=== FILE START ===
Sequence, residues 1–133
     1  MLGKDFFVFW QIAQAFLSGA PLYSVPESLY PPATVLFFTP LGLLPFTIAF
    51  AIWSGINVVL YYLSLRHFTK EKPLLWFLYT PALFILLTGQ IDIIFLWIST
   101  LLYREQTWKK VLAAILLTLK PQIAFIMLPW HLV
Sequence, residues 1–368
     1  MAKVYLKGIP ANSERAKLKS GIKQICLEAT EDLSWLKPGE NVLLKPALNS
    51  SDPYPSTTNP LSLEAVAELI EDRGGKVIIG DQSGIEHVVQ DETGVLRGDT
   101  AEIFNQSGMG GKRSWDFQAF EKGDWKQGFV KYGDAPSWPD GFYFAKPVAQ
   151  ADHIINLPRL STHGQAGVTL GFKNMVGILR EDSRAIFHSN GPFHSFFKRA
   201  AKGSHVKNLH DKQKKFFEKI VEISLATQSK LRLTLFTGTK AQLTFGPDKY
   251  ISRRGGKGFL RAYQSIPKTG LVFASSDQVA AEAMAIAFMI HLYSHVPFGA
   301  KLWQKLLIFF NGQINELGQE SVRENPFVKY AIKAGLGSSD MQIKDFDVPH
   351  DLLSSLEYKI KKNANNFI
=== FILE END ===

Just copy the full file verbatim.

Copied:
Sequence, residues 1–133
     1  MLGKDFFVFW QIAQAFLSGA PLYSVPESLY PPATVLFFTP LGLLPFTIAF
    51  AIWSGINVVL YYLSLRHFTK EKPLLWFLYT PALFILLTGQ IDIIFLWIST
   101  LLYREQTWKK VLAAILLTLK PQIAFIMLPW HLV
Sequence, residues 1–368
     1  MAKVYLKGIP ANSERAKLKS GIKQICLEAT EDLSWLKPGE NVLLKPALNS
    51  SDPYPSTTNP LSLEAVAELI EDRGGKVIIG DQSGIEHVVQ DETGVLRGDT
   101  AEIFNQSGMG GKRSWDFQAF EKGDWKQGFV KYGDAPSWPD GFYFAKPVAQ
   151  ADHIINLPRL STHGQAGVTL GFKNMVGILR EDSRAIFHSN GPFHSFFKRA
   201  AKGSHVKNLH DKQKKFFEKI VEISLATQSK LRLTLFTGTK AQLTFGPDKY
   251  ISRRGGKGFL RAYQSIPKTG LVFASSDQVA AEAMAIAFMI HLYSHVPFGA
   301  KLWQKLLIFF NGQINELGQE SVRENPFVKY AIKAGLGSSD MQIKDFDVPH
   351  DLLSSLEYKI KKNANNFI